“Captain Pink is still remembered in Springfield for his toy sword, the pink Christmas lights all over his pink costume, and the satchel full of cash he used to prank his way through town during Flynt’s stay in Springfield’s Medical Center for Federal Prisoners,” says Al. “Springfield, Missouri is one of the most conservative places on the planet, and we turned it upside down.”
With Admiral Morrison’s death in 2008, the family code of secrecy lost much of its authority, and the time was finally right for Alan Graham to begin relating his unexpurgated adventures. His book, I Remember Jim Morrison Too, remains the only Morrison biography so far published to focus at length on portions of Jim’s life outside and beyond his seven years of notoriety. Where other biographers are moved to turn Morrison’s story into a train wreck and charge admission, Graham’s inspiration had been to commemorate the emotional effect of their time together.
“Mine is the only one telling the true story of that family,” he claims. “More than forty books would be published about Jim’s life after he died, but nobody outside the Morrison family ever really knew him.”
Graham put this video together to promote his publications about Morrison:
Writing that testament to his friend and lost brother woke Graham up to the wealth of more stories inside him to tell. In 2010, this reporter helped him edit another three, Before the Beatles Were Famous, the revamped I Remember Jim Morrison Too, and The Flynt Caper, detailing Captain Pink upending a town’s moral structure as a self-styled superhero while his Mad Hatter of a boss was in the madhouse.
“Here comes your dream along, are you ready for it? Will you take it?” wrote Graham. “That’s the question every person has to answer. Because you’re lucky if you dream good, lucky if you dream at all. As a child once I prophesied the winning number in a lottery using information received in a dream. And life is full of dreams, so I always looked at those. Every single time I remembered the dream. Or the essence of the dream.”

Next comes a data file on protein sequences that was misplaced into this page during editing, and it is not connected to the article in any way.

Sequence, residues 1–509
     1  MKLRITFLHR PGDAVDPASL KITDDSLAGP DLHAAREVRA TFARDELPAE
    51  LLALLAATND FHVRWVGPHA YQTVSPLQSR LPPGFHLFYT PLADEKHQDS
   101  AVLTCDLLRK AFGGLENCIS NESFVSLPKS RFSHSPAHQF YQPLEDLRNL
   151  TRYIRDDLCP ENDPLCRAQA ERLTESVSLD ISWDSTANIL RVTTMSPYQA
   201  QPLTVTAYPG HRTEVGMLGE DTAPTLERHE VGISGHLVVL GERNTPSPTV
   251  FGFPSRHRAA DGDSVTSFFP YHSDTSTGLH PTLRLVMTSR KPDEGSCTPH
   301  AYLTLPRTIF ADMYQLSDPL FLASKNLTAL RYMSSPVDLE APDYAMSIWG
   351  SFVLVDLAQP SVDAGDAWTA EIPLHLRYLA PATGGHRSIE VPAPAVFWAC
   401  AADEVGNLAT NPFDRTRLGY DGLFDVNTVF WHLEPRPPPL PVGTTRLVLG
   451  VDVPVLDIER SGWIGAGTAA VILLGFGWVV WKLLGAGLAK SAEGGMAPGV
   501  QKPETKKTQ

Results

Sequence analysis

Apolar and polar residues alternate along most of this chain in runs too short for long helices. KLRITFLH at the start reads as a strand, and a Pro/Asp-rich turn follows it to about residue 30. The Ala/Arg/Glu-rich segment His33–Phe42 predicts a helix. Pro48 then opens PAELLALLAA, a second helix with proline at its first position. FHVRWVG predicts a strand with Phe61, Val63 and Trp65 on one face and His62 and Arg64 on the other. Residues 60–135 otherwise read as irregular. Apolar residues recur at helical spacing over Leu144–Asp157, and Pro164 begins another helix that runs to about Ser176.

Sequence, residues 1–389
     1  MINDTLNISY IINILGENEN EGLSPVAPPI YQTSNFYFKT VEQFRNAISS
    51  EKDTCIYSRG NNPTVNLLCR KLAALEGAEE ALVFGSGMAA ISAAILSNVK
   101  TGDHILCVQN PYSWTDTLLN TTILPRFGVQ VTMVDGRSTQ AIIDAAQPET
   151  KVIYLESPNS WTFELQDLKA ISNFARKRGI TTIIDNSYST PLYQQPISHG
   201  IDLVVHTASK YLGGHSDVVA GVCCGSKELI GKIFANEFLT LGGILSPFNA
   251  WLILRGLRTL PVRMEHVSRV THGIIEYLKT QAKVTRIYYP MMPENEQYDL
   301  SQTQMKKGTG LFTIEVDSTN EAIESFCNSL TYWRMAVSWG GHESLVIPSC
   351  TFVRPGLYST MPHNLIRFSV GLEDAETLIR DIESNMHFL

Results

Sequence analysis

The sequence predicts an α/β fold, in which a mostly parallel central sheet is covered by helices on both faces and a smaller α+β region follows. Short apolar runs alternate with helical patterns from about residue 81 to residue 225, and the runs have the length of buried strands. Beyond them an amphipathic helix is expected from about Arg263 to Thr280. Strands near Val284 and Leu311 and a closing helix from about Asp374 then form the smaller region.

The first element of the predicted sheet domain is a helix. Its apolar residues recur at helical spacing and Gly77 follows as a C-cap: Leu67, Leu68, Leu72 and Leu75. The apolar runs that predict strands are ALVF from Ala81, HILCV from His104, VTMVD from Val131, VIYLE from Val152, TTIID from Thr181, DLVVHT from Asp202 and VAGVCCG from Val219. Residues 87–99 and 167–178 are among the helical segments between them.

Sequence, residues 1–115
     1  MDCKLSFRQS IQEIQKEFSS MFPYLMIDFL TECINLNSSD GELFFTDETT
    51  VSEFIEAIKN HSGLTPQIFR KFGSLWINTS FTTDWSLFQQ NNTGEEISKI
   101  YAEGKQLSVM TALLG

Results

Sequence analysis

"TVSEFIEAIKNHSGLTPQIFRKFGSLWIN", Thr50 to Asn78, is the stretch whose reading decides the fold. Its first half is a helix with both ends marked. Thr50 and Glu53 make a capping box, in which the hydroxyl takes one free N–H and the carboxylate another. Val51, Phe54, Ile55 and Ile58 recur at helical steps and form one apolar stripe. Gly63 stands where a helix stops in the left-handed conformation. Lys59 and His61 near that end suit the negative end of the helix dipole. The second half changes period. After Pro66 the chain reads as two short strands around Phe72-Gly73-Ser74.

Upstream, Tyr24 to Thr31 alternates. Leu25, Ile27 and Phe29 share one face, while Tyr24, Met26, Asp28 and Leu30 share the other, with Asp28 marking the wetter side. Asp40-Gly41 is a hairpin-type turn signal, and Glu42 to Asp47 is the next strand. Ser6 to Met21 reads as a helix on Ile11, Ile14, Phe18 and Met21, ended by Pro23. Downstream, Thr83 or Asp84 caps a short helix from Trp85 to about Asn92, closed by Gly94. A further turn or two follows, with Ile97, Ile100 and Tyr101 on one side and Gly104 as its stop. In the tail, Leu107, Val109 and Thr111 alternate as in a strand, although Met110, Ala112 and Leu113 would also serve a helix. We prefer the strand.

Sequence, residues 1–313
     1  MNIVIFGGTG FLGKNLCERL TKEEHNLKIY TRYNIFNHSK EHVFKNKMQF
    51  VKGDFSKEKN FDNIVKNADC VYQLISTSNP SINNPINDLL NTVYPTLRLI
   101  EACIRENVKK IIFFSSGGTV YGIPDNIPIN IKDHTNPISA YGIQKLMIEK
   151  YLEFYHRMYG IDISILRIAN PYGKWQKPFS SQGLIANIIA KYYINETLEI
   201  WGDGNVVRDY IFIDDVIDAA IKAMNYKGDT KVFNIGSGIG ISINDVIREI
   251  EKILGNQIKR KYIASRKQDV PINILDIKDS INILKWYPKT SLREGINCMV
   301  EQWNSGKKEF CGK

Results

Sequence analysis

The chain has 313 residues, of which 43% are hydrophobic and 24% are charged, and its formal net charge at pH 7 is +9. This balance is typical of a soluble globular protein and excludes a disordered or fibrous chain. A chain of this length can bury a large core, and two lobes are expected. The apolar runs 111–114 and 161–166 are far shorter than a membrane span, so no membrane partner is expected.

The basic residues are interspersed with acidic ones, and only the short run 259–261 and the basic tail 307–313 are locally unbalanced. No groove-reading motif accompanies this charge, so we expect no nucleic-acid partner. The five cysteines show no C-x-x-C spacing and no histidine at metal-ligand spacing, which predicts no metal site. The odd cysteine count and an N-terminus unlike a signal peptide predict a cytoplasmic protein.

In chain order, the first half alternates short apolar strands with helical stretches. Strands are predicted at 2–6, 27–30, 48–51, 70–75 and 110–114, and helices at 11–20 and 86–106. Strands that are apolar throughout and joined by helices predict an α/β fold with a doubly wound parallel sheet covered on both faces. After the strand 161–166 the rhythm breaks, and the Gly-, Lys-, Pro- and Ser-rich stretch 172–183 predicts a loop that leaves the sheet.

An interesting radio interview with Graham about Jim Morrison, and the Morrison family, in 2012:
We were working on The Flynt Caper when Al went into the hospital for an unexpected heart operation requiring a special drill that could go in from the side, which sounded pretty drastic, putting our project on an unexpected hiatus. The above paragraph is a snippet from that as-yet-unpublished volume, conveying its metaphorical subtext. This second excerpt, more profane, shows its liver:
“The warden saw a pink guy come into his fuckin’ prison and sent out his hoods after him. He also told his daughter that if she hung with him anymore, he’d put him in jail for 20 years legally under the Brown Act for taking his daughter across state lines. Pink ran away with the warden’s daughter, took her across state lines to California. Flynt in T.I. (Terminal Island) two weeks for some kind of med checkup. I took his daughter there and the warden was shittin’ his pants because his daughter showed up on surveillance with Flynt, so he sent the hoods there. But we took the low road and got back to Springfield, Mo. While they were in Cali.”
Larry Flynt, who once ran for president himself, has famously offered $10,000,000 for any dirt on Donald Trump that shows evidence of an impeachable offense—he’s still keeping mum, who knows what he’s turned up?
Nadia Szold sent an email to me, as Graham’s representative, asking whether he might be interested in narrating portions of her documentary detailing Flynt’s time in Springfield. “The working title is Larry Flynt for President, and it’s going quite well. We’ve picture locked and now are on to the finishing elements like music and graphics.”
I contacted Al, thinking it a perfect fit, but he declined, having tired of going over that old ground full of buried cables, awakening all those sleeping lives.
What happens next with The Flynt Caper is an open question. Graham is currently “off the grid” somewhere outside San Diego, and says he’s “doing pretty well for an old fucker.” He periodically plays with a country rock band that includes former members of the Flying Burrito Brothers, miles away from the perfect end to the life of an honest outlaw lived in service of following dreams.